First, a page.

Take Town: See ya in the car
I think in the past year or three we've seen more people wonder aloud about how prevalent it's going to become for youngish players to force their way out of teams or situations they aren't happy with.
Based on the results of these playoffs, I bet that trend is gonna go from a trickle — Jack Eichel, Matthew Tkachuk, even Mark Stone — to a deluge. All those players found teams willing to upset several apple carts to acquire them and found more or less immediate success. Now Alex DeBrincat and Pierre-Luc Dubois, among others, look like they're gonna follow suit. And with the salary cap about to explode, why wouldn't more players follow them?
I kinda doubt it's ever going to get to the point it's at in the NBA, where teams will basically trade three-quarters of their roster to get elite players. That's in part because truly elite players are rarely allowed to get particularly close to free agency, and also because the impact of elite players in the NHL is much less than it is in the NBA, and also because the NBA doesn't have a hard salary cap and allows for luxury taxes and things like that.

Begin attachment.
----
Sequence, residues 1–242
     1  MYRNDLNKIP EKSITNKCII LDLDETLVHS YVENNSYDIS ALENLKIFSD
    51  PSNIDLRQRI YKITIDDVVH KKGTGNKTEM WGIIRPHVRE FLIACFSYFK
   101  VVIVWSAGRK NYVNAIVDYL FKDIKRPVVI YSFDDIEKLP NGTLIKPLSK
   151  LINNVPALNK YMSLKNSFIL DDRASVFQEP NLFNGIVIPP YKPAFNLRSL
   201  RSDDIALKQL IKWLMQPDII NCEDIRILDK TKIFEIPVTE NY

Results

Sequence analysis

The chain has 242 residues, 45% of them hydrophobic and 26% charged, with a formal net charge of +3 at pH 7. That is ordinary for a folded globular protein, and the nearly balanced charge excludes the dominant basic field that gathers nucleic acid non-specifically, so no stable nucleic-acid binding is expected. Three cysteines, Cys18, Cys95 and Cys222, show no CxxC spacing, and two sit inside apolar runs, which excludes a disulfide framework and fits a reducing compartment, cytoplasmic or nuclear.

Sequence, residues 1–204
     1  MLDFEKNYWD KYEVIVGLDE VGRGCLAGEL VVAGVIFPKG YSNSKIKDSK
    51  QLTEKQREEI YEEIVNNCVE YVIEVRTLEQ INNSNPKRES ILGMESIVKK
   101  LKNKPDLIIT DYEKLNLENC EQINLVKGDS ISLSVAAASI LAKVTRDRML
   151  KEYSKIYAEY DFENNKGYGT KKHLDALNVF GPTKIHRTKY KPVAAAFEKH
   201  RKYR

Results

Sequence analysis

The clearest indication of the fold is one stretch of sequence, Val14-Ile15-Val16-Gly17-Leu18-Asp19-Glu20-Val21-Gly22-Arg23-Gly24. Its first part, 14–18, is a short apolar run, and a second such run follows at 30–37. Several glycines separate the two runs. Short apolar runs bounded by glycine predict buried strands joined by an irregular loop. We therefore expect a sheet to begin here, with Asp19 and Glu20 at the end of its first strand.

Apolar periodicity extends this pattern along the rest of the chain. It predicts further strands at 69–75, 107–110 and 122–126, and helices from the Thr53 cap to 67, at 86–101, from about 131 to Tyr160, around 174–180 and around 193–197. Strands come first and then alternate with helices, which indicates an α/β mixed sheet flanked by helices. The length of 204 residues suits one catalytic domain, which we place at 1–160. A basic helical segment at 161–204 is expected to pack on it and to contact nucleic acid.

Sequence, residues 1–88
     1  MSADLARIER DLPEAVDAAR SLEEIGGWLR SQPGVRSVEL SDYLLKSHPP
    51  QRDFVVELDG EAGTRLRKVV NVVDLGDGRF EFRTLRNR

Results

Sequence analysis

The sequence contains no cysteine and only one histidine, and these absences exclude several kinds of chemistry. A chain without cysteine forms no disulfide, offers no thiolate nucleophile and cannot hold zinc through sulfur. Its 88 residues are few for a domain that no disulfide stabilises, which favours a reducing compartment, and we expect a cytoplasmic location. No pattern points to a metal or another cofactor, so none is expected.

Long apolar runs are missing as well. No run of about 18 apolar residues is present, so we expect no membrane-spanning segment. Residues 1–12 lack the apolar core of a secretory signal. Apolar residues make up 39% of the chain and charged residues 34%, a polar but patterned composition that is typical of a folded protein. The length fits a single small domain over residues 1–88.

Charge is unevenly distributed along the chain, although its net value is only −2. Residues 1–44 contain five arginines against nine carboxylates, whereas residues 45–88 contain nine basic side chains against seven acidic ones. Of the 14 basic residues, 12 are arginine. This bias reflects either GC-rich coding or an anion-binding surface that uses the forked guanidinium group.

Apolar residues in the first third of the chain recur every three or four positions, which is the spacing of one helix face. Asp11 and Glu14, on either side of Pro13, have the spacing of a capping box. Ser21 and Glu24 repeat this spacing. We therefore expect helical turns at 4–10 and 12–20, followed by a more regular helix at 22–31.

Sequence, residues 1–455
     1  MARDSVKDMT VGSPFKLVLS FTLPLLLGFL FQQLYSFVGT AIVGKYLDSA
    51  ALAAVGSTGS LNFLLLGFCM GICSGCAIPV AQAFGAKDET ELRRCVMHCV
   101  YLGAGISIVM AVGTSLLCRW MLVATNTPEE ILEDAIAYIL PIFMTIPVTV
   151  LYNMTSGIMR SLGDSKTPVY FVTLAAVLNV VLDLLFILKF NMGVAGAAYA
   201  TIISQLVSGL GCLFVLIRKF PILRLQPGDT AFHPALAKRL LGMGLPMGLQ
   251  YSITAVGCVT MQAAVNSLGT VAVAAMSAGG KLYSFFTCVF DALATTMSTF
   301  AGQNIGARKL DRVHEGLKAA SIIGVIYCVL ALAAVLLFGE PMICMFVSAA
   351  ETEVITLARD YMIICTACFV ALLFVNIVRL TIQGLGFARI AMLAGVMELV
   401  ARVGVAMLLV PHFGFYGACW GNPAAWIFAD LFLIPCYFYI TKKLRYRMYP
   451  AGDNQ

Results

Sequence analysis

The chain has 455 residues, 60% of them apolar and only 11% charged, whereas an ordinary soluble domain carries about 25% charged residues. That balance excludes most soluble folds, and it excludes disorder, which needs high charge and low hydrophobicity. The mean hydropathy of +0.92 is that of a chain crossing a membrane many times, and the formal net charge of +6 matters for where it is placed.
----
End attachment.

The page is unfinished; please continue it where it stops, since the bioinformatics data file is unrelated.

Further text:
But I dunno, if we get even slightly more of a trend toward this kind of behaviour — with the acknowledgement that a lot of young players genuinely like the organizations they end up with and would be happy to spend a decade plus there — that's probably good for the league. It generates fan and media interest, keeps the flow of talent from one team to the other moving at a steady pace, and forces general managers to actually get creative. Most importantly, it avoids keeping players in employment situations they aren't happy with.
As I said the other day, the Vegas Golden Knights and Florida Panthers are blazing a new trail in team-building during the salary cap era.
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